History’s Sloppy Summations

UK Labour grandee Denis Healey was once asked to name the best speech he had heard in his four decades in Parliament. He cited a 1959 oration defending the humanity of the Mau Mau prisoners who were murdered by British soldiers in the Hola Massacre. Who gave this passionate anti-Imperialist speech condemning abuse of the people living under British colonial rule in Kenya? (Take a guess, answer after the jump)

Enoch Powell!

I would not have guessed that, and can’t think of anyone who would. Enoch Powell gets one line in most people’s historical memory: “Wasn’t he the racist, anti-immigrant Rivers of Blood guy?”.

There was clearly more to him than that. Among other things, he was an accomplished poet and scholar/translator. Few people’s lives can be accurately summarized in one phrase. Even villains can have some virtues, and even our heroes can sometimes badly let us down (see, e.g., Gandhi’s comments about South African Blacks).

Edward Bulwer-Lytton meets a particularly cruel fate in history’s shorthand. We remember only “It was a dark and stormy night” as a kind of joke about bad opening sentences in novels, and the poor man’s name adorns an annual contest for atrocious writing. Yet someone who gives the English language phrases like “the pen is mightier than the sword” and who outsold Charles Dickens for years was no mere scribbler. As I read Leslie Mitchell’s biography of him, I realized I previously didn’t understand Bulwer-Lytton at all, including being ignorant of the fact that he was a Member of Parliament and a consequential politician of his age.

Some accomplished people fear being forgotten by history. But a far worse fate is to be remembered as a caricature based on a single over-simplified phrase or anecdote (Potentially, as in the case of poor Howard “The Scream” Dean, based on something that never really happened at all). Such things make me profoundly grateful for my own obscurity.

Author: Keith Humphreys

Keith Humphreys is the Esther Ting Memorial Professor of Psychiatry at Stanford University and an Honorary Professor of Psychiatry at Kings College Lonon. His research, teaching and writing have focused on addictive disorders, self-help organizations (e.g., breast cancer support groups, Alcoholics Anonymous), evaluation research methods, and public policy related to health care, mental illness, veterans, drugs, crime and correctional systems. Professor Humphreys' over 300 scholarly articles, monographs and books have been cited over ten thousand times by scientific colleagues. He is a regular contributor to Washington Post and has also written for the New York Times, Wall Street Journal, Washington Monthly, San Francisco Chronicle, The Guardian (UK), The Telegraph (UK), Times Higher Education (UK), Crossbow (UK) and other media outlets.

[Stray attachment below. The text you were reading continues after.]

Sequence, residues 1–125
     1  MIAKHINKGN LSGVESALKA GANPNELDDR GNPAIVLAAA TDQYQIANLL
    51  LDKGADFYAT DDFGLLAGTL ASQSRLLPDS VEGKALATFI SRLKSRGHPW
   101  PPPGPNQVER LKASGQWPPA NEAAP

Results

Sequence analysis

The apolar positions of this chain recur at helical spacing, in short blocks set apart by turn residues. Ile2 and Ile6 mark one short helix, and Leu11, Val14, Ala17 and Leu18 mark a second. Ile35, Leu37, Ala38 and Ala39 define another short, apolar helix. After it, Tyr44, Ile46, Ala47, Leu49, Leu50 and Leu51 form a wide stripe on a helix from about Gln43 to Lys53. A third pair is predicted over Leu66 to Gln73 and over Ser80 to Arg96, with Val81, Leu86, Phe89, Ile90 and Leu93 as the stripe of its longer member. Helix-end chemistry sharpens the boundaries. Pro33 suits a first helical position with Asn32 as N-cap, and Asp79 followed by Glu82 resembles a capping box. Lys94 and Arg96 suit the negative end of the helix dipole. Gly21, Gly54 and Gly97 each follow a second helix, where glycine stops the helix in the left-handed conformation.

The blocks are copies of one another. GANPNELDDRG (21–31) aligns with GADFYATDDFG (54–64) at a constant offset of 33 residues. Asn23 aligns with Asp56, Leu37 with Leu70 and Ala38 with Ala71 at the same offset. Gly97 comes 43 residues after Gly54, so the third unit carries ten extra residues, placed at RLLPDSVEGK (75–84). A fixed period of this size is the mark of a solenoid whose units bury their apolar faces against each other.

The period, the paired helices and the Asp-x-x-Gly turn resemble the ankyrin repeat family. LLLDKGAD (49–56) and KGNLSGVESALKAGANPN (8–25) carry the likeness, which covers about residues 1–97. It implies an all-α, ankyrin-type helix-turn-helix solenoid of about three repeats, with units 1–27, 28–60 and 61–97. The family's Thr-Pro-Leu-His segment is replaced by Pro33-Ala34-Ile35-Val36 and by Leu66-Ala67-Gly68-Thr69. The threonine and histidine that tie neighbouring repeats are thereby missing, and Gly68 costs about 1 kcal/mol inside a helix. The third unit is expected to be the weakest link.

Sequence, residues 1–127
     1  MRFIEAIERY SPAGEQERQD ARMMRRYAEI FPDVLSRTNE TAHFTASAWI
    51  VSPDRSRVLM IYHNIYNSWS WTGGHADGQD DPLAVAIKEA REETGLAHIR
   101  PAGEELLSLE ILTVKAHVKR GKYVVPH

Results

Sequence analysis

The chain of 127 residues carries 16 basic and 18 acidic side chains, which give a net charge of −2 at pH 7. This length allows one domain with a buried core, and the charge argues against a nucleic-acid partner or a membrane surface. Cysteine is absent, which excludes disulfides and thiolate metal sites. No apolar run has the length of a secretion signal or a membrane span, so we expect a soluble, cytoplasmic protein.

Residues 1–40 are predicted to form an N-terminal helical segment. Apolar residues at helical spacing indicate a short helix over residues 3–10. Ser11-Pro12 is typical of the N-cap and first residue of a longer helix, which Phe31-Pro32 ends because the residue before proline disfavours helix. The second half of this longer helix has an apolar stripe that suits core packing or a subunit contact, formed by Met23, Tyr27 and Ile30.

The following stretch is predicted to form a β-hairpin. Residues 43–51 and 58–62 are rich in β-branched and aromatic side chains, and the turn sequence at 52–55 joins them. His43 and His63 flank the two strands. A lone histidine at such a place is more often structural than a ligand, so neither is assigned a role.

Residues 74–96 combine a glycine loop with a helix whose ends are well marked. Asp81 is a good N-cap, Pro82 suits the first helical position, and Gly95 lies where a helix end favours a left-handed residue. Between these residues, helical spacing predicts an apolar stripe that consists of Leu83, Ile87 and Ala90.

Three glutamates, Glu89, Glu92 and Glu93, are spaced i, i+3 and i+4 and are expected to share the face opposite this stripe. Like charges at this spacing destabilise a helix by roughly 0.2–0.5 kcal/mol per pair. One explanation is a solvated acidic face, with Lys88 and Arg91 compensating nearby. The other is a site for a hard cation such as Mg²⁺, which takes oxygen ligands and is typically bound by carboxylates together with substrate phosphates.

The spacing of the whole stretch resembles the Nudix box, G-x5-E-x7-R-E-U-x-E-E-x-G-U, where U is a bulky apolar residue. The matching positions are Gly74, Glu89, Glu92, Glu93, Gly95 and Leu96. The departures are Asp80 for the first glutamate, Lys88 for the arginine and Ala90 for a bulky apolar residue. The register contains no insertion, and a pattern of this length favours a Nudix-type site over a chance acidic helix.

7 thoughts on “History’s Sloppy Summations”

  1. Powell had some statements which still resonate. You triggered me to go look for 'all political lives end in failure' and I found in addition "Yet we slink about like whipped curs:;… our self-abasement principally takes the form of subservience to the United States:;… we are under no necessity to participate in the American nightmare of a Soviet monster barely held at bay in all quarters of the globe by an inconceivable nuclear armament and by political intervention everywhere from Poland to Cambodia. It is the Americans who need us in order to act out their crazy scenario… We simply do not need to go chasing up and down after the vagaries of the next ignoramus to become President of the United States."

    1. Powell served as Unionist MP for South Down (Northern Ireland) from 1974 to 1987, when he lost to an Irish Nationalist, and to de-gerrymandered constituency boundaries. In that election, he advised the British to vote Labour. This suggests a journey to the extremes, both political (for a Tory) and geographical (for an Englishman)

      1. It's plausible that the Tory's narrow win in 1970 and narrow loss in 1974 were both due to Powell's influence. The story some tell themselves today is that the country universally rejected him after Rivers of Blood, but the truth is that while The Establishment rejected him, most of the population (including many Labour voters) resonated with his message. Many parallels to US and British politics today are evident in his unusual career.

  2. – Timur the Lame, patron of the arts. (An architect who failed to meet the autocrat's standards was summarily executed).
    – Grigori Potemkin, founder of cities, scourge of the Ottoman Turks.
    – Neville Chamberlain, a great Minister of Health and the best interwar Chancellor of the Exchequer.
    – Benedict Arnold, Revolutionary hero, victor of Saratoga.

  3. Isaac Newton, part-time scientist, Master of the Royal Mint, alchemist, heretic & full time Bible researcher, "last of the Babylonians" (JM Keynes)

    History's summation on Newton has been kind.

  4. Galileo, trimmer. (In contrast to Giordano Bruno, who went to the stake for his wild SF speculations)

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